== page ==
I'm a PhD student in the History Department at Duke University, where I work on Latin American cultural and intellectual history. My research interests include the history of philanthropy, medicine, natural history, science, technology, and global health.
My dissertation, titled "Brazo-a-Brazo: Humanitarian Medicine and the Preservation of Empire, 1767-1871" traces the introduction of new medical techniques (including inoculation and vaccination) and asks how scientific and religious debates about health and aid shaped the practice of medicine and public health in Mexico through the late colonial and early republican periods.
Before graduate school, I worked as a curatorial assistant and archaeologist at the Kingsley Plantation, the home of Zephaniah Kingsley and his wife, Anna Madgigine Jai, a Senegalese woman who was purchased by Kingsley as a slave and freed in 1811. The work I focus on now—tracing ideas and connections across the Spanish Atlantic—is yet animated by my anthropological training and my curiosity about the outer spaces of empire.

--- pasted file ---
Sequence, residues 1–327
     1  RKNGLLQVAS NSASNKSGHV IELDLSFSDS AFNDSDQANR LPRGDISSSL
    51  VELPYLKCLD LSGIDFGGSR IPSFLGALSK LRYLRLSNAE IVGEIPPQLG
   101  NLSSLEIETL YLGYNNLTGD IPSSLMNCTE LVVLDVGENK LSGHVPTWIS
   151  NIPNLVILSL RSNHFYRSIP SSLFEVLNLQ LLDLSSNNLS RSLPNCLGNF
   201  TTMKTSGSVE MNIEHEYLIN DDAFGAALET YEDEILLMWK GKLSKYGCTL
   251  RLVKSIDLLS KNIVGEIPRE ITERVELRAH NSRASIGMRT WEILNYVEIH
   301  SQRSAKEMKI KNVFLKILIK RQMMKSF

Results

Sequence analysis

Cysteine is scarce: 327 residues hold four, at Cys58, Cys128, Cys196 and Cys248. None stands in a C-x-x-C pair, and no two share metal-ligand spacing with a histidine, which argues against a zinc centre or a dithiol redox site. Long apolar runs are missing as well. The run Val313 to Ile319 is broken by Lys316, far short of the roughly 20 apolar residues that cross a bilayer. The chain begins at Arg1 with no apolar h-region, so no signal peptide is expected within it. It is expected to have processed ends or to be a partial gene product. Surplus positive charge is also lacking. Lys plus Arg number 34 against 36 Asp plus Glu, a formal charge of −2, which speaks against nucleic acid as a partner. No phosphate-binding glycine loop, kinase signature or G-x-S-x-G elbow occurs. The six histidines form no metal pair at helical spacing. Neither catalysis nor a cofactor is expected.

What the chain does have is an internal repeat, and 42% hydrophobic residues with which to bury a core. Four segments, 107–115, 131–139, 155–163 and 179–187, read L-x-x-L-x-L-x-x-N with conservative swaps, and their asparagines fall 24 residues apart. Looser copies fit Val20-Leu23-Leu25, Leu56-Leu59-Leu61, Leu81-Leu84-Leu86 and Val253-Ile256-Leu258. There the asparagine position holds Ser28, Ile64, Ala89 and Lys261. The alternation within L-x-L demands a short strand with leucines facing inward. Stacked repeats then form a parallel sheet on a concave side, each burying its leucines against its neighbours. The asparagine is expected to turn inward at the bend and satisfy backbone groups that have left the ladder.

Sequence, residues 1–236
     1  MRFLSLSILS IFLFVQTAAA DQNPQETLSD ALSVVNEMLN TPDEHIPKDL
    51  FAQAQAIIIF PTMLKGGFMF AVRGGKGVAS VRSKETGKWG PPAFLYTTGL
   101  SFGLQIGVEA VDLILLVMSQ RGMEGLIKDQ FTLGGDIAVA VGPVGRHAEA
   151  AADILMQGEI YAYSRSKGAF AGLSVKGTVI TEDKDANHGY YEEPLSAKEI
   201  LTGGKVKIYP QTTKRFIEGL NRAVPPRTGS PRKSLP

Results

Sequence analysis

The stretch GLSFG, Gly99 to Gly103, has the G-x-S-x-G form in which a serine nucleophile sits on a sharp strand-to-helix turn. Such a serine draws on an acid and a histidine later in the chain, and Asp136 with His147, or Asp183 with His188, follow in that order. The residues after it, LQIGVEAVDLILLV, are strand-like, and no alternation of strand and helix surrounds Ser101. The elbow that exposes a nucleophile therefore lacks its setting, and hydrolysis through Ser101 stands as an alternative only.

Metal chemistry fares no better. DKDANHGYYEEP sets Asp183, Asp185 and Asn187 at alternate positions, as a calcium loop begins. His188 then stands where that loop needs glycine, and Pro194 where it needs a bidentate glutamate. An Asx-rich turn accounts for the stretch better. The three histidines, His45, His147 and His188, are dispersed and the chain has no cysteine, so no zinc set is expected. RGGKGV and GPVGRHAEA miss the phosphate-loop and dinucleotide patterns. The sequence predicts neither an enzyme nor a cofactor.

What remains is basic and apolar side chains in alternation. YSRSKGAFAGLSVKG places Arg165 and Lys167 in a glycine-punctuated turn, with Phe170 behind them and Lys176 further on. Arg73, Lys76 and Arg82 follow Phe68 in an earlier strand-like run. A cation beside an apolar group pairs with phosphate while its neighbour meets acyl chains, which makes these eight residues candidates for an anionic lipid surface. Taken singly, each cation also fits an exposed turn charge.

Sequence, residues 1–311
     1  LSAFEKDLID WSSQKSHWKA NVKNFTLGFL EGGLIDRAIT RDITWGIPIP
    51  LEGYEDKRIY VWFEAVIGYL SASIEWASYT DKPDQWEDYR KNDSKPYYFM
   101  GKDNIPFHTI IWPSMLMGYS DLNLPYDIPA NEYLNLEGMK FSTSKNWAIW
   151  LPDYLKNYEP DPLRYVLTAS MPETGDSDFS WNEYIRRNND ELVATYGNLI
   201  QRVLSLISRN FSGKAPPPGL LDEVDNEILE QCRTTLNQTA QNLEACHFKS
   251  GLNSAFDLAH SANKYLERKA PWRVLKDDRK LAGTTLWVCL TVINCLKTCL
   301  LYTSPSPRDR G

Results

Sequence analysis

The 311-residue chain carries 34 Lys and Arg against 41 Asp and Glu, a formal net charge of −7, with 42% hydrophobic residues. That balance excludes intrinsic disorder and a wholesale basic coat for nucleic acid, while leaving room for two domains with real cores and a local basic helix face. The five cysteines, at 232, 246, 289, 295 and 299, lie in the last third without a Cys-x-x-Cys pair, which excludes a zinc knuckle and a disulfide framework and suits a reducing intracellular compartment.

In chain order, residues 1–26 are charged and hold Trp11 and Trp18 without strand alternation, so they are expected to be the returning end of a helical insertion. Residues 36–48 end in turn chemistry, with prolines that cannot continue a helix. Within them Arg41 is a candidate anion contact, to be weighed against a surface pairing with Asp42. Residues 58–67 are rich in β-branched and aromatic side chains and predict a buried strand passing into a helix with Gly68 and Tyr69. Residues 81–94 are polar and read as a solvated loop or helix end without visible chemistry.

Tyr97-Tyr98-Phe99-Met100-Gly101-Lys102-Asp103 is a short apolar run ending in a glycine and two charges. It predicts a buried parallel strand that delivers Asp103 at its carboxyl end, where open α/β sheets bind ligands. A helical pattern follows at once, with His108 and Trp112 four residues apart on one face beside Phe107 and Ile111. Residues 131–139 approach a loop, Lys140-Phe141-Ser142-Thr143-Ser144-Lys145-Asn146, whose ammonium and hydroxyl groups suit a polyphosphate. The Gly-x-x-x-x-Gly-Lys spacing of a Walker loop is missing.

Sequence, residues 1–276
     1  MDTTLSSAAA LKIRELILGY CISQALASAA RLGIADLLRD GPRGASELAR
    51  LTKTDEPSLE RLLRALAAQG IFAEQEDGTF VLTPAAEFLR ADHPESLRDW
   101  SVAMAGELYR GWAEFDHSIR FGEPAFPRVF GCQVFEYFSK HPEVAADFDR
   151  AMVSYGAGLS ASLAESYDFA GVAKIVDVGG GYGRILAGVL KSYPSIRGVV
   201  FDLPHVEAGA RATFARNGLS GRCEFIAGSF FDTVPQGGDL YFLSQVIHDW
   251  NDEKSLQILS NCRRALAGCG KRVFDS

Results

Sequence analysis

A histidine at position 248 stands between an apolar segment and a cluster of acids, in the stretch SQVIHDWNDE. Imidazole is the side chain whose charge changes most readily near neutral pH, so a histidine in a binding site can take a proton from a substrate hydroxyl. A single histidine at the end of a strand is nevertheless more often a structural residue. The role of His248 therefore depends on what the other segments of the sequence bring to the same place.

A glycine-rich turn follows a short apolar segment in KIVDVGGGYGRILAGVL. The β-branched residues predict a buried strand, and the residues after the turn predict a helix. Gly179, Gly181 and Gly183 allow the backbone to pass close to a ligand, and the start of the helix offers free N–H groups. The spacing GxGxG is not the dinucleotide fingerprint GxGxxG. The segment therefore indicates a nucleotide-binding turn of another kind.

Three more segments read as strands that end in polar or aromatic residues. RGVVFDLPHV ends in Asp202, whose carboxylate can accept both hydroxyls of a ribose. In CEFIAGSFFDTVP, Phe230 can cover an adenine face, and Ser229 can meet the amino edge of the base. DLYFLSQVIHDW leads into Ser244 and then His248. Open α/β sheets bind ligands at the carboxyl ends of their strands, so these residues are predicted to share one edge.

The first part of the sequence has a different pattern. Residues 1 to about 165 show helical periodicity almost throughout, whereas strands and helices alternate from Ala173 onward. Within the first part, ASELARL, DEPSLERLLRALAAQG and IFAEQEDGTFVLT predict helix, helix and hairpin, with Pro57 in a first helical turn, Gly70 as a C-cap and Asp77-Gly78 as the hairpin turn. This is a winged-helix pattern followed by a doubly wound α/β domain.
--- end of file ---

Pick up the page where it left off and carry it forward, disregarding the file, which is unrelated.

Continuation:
I am a member of the Duke Digital History Working Group and a co-founder of Duke HAW (Historians are Writers), a group committed to thinking deeply about creative writing in the world of academia and beyond.
My current scholarly projects also include an upcoming exhibit at the David M. Rubenstein Rare Book and Manuscript Library on the Enlightenment in Latin America: the Legacy of John Tate Lanning.